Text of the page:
“I hate putting off decisions, but this is a new thing for our state,” said council member Dave Chapin. “However, we do need to make a decision within a year. Maybe we should also throw the question out there to people who come here to visit and see what they think.”
More time needed
Colorado Constitutional Amendment 64 legalized the sale and consumption of recreational marijuana in Colorado. The legislation grants local governments the authority to regulate the operations of recreational marijuana establishments, including prohibition, if desired. It passed in Vail with 75 percent in favor.
Confusingly enough, a recent community survey showed that while the majority of residents may have voted for Amendment 64, much fewer residents are in favor of allowing retail pot shops in Vail.
The survey by RRC Associates showed that when asked if they would be in favor of a retail marijuana store in Vail, 31 percent said “yes,” 57 percent said “no” and 13 percent were “unsure.”
Earlier this year, the town of Vail formed a Recreational Marijuana Working Group to identify a list of questions and issues that the town council should consider prior to adopting a marijuana policy. The group, after two meetings that also drew the attention and attendance of many local residents, prepared a list of nearly 60 questions surrounding the topic.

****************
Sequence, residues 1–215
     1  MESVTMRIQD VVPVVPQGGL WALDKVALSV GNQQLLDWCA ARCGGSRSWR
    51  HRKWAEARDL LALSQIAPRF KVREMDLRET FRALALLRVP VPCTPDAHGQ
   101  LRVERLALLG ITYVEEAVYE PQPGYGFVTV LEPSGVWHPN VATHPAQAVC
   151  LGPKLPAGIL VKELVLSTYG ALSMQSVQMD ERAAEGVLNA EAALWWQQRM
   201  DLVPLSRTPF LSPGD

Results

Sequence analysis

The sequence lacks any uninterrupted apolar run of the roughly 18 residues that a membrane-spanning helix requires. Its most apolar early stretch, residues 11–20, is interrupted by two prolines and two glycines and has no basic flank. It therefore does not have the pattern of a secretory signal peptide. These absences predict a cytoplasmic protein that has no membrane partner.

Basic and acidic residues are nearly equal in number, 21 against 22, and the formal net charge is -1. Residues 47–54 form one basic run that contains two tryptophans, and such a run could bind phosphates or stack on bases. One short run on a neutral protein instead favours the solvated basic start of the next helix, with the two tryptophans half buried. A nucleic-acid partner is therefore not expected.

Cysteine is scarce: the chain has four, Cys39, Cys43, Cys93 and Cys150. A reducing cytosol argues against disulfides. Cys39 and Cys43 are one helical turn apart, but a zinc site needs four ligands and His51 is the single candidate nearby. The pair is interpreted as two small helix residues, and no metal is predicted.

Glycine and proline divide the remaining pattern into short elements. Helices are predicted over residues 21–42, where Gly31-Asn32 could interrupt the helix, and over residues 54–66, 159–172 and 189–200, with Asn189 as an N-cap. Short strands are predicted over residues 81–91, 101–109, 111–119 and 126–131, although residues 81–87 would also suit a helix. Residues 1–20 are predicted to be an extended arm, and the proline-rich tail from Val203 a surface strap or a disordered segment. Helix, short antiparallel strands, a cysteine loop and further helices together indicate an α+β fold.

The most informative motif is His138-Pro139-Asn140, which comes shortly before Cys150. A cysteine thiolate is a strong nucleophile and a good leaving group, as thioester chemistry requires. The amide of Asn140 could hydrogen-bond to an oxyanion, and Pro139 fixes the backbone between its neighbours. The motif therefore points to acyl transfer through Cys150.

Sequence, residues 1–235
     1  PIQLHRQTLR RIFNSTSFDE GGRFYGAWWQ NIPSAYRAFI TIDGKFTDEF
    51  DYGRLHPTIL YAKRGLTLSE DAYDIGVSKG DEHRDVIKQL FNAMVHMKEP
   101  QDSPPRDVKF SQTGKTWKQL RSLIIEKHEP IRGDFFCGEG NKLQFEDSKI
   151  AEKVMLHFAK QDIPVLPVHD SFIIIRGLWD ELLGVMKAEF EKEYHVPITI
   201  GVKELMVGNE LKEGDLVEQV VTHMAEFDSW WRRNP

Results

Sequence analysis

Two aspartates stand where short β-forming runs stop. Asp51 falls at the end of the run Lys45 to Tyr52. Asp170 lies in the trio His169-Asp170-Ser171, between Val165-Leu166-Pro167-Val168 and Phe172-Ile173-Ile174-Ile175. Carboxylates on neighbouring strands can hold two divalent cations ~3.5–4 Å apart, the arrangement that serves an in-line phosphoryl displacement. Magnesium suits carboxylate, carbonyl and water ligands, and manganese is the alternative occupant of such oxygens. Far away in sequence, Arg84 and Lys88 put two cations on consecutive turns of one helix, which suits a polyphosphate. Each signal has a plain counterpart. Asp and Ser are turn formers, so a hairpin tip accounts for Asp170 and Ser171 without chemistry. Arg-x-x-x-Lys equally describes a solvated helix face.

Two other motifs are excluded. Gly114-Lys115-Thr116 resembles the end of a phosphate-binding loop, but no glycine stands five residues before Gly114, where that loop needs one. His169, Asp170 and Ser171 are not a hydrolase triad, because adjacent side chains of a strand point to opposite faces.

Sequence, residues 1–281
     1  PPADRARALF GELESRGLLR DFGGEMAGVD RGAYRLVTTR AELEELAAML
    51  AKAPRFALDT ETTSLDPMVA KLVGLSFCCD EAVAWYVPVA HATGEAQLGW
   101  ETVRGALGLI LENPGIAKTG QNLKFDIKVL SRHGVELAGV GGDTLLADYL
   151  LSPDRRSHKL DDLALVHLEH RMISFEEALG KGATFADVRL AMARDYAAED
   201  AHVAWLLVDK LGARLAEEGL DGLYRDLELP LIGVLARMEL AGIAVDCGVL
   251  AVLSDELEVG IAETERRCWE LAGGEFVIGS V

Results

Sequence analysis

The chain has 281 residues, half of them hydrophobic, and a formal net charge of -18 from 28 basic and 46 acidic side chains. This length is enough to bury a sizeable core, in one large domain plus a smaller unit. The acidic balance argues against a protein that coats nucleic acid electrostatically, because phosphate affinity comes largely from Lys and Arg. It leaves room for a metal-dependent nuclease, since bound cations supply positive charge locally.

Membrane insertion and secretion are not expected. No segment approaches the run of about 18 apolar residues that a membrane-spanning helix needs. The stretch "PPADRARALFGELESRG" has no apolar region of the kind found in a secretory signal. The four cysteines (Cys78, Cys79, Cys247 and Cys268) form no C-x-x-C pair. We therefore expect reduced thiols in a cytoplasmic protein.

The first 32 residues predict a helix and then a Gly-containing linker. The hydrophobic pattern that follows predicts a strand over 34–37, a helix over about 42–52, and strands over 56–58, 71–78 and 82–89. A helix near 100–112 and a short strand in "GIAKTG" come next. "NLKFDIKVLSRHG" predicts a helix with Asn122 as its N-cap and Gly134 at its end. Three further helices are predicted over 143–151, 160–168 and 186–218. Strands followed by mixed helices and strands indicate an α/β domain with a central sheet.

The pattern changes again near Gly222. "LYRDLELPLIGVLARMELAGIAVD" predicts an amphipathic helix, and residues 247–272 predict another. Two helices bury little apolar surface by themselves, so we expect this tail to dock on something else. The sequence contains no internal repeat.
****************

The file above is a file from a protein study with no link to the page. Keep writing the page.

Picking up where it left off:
“We want to answer these questions, but I don’t think we can possibly do justice to either side of the debate with the time we have before the ban expires,” said council member Margaret Rogers. “We don’t have to rush into this by any means.”
Council members particularly liked the idea of observing other areas that have allowed retail sales over the next year. Aspen, Summit County and Eagle County all either currently have or soon will have retail marijuana shops.
“It doesn’t look like there are any problems so far, but it’s so new, and we just don’t know yet,” said Rogers.
Resident weigh in
The community survey, while it presented confusing numbers for officials, did show a strong divide in opinion between age groups, and second homeowners and full-time residents.
For the question of allowing a retail pot shop in Vail, if the answers were divided between age groups, those who were in their 30s or younger were overwhelmingly in favor, while those 65 and older were staunchly against.
One Eagle County resident, Barbara Allen, said that the town would not be in line with its support of health and wellness if it allowed retail marijuana.